But that’d put the derivative code under the GPL too. Taken from that perspective, what’s the difference between someone using your code in their project, and you using Jules’s code in your own?
JUCE is publicly available and open-source, so it’s not like the program would be hiding the fact that it’s using JUCE, nor making any of it’s functionality unavailable for anyone else. So developers can’t clame JUCE as their own, but what about the code they write that makes use of JUCE? It’s a little bit like saying no Java developer owns the code they write because they make use of the JDK.
Take CrossOver Office for example. Do I see any source code for that? No. But it certainly charges for something that makes use of the Linux API. So does that mean Linus Torvalds owns CrossOver Office?
I personally don’t have a problem with open-sourcing - I’ve realised it’s for the best having lost the source of a program I wrote in VB a while ago. But there’s one thing that ticks me off - The fact that some 13 year old kid could quite easily download the source code, change the name and the logo of the program, upload it to his/her own website and say “Look at this awesome program I made!”, leaving no evidence that it was actually someone else that created the program. I wouldn’t have a problem if someone took code that I wrote and made it quite clear that it’s my code, just modified a bit, but there are people out there who won’t do that - And as far as I know the GPL is not legally enforcable, and if it is the police, at least here in the UK, won’t give two shits about it when there are far bigger problems to be dealing with.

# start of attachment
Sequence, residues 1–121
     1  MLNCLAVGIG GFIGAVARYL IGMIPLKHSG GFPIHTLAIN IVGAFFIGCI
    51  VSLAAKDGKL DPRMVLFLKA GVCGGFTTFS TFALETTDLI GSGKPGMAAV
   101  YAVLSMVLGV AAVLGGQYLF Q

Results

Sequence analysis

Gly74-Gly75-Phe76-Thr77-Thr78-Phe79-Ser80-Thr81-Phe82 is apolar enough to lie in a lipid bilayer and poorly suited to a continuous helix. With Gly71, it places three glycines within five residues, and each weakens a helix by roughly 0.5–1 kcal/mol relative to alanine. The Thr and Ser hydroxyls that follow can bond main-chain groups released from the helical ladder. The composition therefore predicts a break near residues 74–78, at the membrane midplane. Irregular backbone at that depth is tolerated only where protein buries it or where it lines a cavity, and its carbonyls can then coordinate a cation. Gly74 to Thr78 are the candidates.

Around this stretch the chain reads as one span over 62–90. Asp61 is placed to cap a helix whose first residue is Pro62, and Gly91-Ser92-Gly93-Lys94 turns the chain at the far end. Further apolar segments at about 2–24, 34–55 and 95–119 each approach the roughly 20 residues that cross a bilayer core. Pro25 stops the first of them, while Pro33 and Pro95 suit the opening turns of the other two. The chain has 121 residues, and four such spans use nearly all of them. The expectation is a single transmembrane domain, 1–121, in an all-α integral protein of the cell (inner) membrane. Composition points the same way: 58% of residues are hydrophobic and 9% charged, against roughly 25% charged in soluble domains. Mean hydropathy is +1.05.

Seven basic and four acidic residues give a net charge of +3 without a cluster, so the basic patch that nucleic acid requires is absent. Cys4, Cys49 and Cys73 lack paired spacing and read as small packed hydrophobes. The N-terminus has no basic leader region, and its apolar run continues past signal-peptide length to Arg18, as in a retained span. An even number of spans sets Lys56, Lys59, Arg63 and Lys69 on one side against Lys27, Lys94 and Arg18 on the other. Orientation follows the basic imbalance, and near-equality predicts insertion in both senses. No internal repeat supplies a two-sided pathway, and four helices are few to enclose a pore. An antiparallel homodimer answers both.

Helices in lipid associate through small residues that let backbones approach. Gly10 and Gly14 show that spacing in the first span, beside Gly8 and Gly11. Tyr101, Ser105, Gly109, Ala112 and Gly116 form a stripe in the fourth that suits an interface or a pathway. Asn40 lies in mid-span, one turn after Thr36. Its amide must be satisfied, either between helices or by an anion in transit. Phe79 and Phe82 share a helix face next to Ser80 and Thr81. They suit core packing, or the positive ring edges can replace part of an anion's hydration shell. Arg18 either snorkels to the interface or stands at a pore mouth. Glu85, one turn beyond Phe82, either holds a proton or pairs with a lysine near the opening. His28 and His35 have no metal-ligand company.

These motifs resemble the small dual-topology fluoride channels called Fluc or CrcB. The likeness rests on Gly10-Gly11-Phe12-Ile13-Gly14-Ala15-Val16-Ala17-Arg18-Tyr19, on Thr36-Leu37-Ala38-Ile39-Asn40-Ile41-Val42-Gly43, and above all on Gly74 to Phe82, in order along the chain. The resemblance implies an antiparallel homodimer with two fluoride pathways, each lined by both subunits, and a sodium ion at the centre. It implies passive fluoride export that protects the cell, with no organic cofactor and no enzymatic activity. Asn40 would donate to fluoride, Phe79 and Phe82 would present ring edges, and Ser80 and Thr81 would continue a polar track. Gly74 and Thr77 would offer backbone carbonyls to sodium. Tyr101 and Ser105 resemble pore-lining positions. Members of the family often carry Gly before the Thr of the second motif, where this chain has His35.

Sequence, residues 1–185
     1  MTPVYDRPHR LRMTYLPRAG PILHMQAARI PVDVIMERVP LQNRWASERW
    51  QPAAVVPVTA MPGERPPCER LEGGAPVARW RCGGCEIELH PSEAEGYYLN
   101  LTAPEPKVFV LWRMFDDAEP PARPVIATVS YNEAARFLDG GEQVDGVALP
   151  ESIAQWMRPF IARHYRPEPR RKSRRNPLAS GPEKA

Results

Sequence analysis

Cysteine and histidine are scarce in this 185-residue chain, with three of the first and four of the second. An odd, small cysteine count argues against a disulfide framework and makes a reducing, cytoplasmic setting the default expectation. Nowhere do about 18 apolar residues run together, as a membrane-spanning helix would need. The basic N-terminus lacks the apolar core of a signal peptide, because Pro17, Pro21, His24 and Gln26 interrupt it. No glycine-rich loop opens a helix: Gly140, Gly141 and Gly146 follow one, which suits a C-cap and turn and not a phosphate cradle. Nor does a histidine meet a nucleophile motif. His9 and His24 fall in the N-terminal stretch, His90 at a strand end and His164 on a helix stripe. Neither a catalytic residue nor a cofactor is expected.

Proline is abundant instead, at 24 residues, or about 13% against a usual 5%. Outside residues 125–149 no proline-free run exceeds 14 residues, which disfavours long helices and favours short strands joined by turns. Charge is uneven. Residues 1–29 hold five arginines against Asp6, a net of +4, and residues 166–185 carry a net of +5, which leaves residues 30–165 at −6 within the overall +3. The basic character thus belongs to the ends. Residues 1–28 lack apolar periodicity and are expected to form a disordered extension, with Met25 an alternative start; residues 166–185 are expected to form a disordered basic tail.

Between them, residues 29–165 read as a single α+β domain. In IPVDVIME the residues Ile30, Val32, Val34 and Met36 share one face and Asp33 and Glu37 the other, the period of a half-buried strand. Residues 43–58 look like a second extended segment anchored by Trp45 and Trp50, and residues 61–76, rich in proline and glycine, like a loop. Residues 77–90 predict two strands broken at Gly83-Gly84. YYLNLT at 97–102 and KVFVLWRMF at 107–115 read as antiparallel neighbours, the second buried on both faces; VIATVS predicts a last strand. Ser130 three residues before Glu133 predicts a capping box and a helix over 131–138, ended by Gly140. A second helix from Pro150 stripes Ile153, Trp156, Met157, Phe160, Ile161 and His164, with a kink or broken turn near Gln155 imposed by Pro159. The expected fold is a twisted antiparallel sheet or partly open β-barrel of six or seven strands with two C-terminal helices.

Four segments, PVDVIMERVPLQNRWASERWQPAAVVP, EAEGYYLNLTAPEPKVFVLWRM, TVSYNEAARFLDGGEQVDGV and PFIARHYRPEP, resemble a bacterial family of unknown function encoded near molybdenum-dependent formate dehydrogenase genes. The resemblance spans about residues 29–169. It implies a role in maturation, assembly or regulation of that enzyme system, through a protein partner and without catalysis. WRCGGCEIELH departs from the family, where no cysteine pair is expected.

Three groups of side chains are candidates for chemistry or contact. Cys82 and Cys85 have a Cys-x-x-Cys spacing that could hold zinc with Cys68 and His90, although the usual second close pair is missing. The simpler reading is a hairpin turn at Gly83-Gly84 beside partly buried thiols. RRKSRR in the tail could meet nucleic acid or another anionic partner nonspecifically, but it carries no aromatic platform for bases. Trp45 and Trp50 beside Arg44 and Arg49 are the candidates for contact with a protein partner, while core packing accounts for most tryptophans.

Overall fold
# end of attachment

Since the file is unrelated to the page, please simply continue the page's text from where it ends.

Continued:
(I realise that this is going way OT from your original questions, so I apologize)
Well, yes and no. The idea behind the GPL, as I’m sure you know, is to enrich the eco-system. JUCE provides a great basis for applications and is provided under the free-speech GPL license. If your code was GPLd, sure I could take it, and do something else with it, but I’d have to release my code back under the GPL too. Potentially therefore you stand to benefit from my work.